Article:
Language: – The Tibetan language is generally classified as a Tibeto- Burman language of the Sino- Tibetan language family although the boundaries between ‘Tibetan’ and certain other Himalayan languages can be unclear.
History:- History of Tibet is linked closely to Buddhism as this religion played a major role in development of Tibetan, Mongol and Manchu cultures and that the historians were Buddhist monk. Accordingly, there is also a close link with Mongol and Chinese empires. Earlier Tibetan historical text indicates Zhang Zhung as the people who settled in what is now Guge in western Tibet. Mythology of Tibet names Nyatri Tsenpo as the first king of Tibet although dates differ from 125BC to 400BC depending on different text. Zhang Zhung was annexed by Nimri Songtsen in the 7th century who united parts of the Yarlung River Valley and founded the Tibetan Empire. From 7th to 11th century Tibet was ruled by number of emperors of the Yarlung Dynasty. During 9th century the Tibetan empire extended all the way south to part of Bengal and far north to Mongolia but the empire started to fragment with rebellions and rise of regional warlords. By 11th century the entire Tibetan empire collapsed and central rule was largely nonexistent. From 1236 Shakya lamas ruled Tibet under the patronage of powerful Mongol empire of Ghangis and Kublai Khans. In mid 14th century, after another termoil saw the rise of Phagmodru family who ruled Tibet as an independant country which lasted nearly 400 years. Rule by the Dalai Lama lineage started with Lobsang Gyatso the Great Fifth Dailai Lama from 1617 to 1682. He is credited for uniting most of Tibetan heartland under the control of the Gelung school of Tibetan Buddhism (Yellow Hat Sect). He also built the Potala Palace in Lhasa move the centre of government there from Drepung. From the period of the 6th Dalai Lama, Tibet came under control of Machurian Qing Dynasty and this continued on and off until begining of 19th century. Authority of Qing Dynasty gradually weakened to the point being just symbolic. After the fall of Qing Dynasty in 1912, Tibet again enjoyed de facto independence until 1950s when China again started asserting their control. In 1965 Tibet was renamed as Tibet Autonomous Region (TAR) of China. Current 14th Dalai Lama fled to India in 1959 and established the Tibetan Government in Exile in the mountainous region of Dharamsala.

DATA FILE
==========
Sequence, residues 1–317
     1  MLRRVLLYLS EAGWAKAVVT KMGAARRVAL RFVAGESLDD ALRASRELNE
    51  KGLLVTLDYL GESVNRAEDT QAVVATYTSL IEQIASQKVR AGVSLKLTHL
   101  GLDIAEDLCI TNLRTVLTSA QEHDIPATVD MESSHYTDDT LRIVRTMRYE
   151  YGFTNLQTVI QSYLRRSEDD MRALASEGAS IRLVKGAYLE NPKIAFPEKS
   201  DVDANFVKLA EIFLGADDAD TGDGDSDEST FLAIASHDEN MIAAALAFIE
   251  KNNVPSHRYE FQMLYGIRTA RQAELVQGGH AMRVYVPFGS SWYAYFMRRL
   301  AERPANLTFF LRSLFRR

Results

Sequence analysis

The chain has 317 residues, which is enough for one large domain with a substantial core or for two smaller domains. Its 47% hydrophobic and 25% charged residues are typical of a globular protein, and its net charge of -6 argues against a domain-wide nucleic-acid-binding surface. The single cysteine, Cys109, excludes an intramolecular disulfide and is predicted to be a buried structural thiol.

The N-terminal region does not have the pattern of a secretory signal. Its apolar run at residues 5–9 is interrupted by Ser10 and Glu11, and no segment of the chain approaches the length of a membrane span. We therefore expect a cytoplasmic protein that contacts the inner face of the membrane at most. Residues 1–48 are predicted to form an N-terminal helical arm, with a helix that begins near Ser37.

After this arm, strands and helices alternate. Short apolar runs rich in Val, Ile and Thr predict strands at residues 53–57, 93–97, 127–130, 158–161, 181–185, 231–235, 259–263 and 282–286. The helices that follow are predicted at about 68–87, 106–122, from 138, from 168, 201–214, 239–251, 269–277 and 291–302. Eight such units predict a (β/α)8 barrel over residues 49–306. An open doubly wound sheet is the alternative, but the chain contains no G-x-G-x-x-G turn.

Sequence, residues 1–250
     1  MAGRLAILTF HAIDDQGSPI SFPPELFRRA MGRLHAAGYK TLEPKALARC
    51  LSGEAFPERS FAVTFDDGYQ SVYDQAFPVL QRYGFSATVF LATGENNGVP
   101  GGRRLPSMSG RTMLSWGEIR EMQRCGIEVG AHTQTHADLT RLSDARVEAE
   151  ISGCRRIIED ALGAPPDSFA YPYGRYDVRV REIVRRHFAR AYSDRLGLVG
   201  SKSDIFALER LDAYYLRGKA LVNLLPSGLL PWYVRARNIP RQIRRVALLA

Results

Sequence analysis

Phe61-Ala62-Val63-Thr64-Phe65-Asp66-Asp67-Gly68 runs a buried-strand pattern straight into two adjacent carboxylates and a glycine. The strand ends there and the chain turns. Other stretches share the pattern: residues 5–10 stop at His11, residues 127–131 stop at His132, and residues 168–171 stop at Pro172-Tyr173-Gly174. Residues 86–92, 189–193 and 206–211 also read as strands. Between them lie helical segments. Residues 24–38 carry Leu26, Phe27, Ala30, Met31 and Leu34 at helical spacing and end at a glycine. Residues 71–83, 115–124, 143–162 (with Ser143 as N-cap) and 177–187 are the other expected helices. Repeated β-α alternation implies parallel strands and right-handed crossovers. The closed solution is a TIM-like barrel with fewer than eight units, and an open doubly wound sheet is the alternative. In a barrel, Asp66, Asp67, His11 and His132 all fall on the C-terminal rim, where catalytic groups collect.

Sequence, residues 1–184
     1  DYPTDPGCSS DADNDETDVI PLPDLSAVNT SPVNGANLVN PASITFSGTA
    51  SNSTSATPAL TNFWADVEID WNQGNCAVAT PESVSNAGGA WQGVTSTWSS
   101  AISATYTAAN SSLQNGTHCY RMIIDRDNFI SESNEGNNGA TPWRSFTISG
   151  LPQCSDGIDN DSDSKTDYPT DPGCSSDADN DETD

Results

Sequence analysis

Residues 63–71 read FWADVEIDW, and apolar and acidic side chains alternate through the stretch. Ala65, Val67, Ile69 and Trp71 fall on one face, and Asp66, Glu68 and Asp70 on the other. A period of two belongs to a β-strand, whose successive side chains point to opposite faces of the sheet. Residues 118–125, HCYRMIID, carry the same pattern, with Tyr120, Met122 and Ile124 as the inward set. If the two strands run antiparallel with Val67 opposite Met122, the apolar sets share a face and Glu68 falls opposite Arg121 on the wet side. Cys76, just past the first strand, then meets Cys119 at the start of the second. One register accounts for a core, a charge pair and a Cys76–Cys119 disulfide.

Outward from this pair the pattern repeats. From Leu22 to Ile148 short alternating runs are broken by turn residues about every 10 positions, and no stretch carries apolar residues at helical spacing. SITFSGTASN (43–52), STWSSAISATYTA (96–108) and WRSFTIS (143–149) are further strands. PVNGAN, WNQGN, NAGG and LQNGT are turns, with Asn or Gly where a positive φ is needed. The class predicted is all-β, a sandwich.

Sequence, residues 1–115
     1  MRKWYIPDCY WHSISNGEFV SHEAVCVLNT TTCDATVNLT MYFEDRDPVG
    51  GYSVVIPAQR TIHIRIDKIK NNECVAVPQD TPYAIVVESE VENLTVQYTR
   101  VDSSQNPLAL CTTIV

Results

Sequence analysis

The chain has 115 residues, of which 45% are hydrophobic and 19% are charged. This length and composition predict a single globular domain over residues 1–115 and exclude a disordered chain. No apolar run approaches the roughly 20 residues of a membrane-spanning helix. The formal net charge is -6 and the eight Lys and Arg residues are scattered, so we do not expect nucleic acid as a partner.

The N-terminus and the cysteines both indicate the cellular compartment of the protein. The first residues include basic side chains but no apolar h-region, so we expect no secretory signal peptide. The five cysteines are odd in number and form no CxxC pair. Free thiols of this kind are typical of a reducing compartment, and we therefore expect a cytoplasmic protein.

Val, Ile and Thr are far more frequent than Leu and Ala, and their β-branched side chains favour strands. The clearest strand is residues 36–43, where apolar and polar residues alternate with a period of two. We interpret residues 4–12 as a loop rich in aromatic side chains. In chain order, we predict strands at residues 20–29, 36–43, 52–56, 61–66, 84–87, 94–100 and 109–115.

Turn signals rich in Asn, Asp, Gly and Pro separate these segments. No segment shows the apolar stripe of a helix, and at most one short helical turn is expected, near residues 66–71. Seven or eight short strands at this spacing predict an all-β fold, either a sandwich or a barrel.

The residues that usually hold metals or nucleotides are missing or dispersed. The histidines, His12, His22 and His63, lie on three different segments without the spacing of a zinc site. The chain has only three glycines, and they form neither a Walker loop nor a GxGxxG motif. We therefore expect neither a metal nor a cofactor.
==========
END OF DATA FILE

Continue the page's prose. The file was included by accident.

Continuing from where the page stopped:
Geography: – Tibet lies between the core areas of the ancient civilizations of China and of India. Extensive mountain ranges to east of the Tibetan Plateau marks the eastern border with China and the towering Himalayas of Nepal and India form a barrier to Tibet from India and Nepal in the south. Most modern geographical sources consider Tibet to be located in East Asia while some (mostly European and American sources) have regarded Tibet as part of Central Asia. Today’s maps of the West show a trend toward considering all of modern China, including Tibet, to be part of East Asia. Tibet is west of China proper, and within China. Tibet is regarded as part of Xibu a term usually translated by Chinese media as “the Western section”, meaning “Western China”.
Culture & Religion: – Religion and spirituality is extremely important to the Tibetans and has influence over all aspects of their lives and is deeply ingrained into their cultural heritage. Bon is the ancient traditional religion of Tibet, but following the introduction of Tantric Buddhism into Tibet by Padmasambhava this became eclipsed by Tibetan Buddhism, a distinctive form of Vajrayana. Tibetan Buddhism is practiced not only in Tibet but also in Nepal, Mongolia, parts of northern India, the Buryat Republic, the Tuva Republic, and in the Republic of Kalmykia and some other areas in China.
Airports: Lhasa’s Gongkar Airport is located 95 kilometers southwest of the city. A taxi will cost approximately Y200 for the long journey.
Telephone: The international dialing code for China (Tibet) is +85.
You can try to make international calls with mixed results. Your hotel will also mail letters for you.
Electricity: Tibet’s electricity is 220 volts. Throughout Tibet electricity is subject to failure on occasions, so a torch is an essential piece of equipment for your tour.
Food: Most hotels provide reasonable selection of western food in their menu. One Tibetan food that might appeal to you is momos, which are small dumplings filled with meat or vegetables and is fried or steamed. The basic Tibetan meal is tsampa, a dough made with roasted barley flour and yak butter mixed with water, tea or beer. You will also come across plenty of yak products, be it dried, stewed, cheesed or in noodle soups.
Economy: – The Tibetan economy is dominated by subsistence agriculture. Due to limited arable land, the primary occupation of the Tibetan Plateau is raising livestock, such as sheep, cattle, goats, camels, yaks, dzo, and horses. The main crops grown are barley, wheat, buckwheat, rye, potatoes, and assorted fruits and vegetables. As a result of being subsistence agricultural society Tibet is ranked the lowest among China?s 31 provinces, on the Human Development Index according to UN Development Programme data.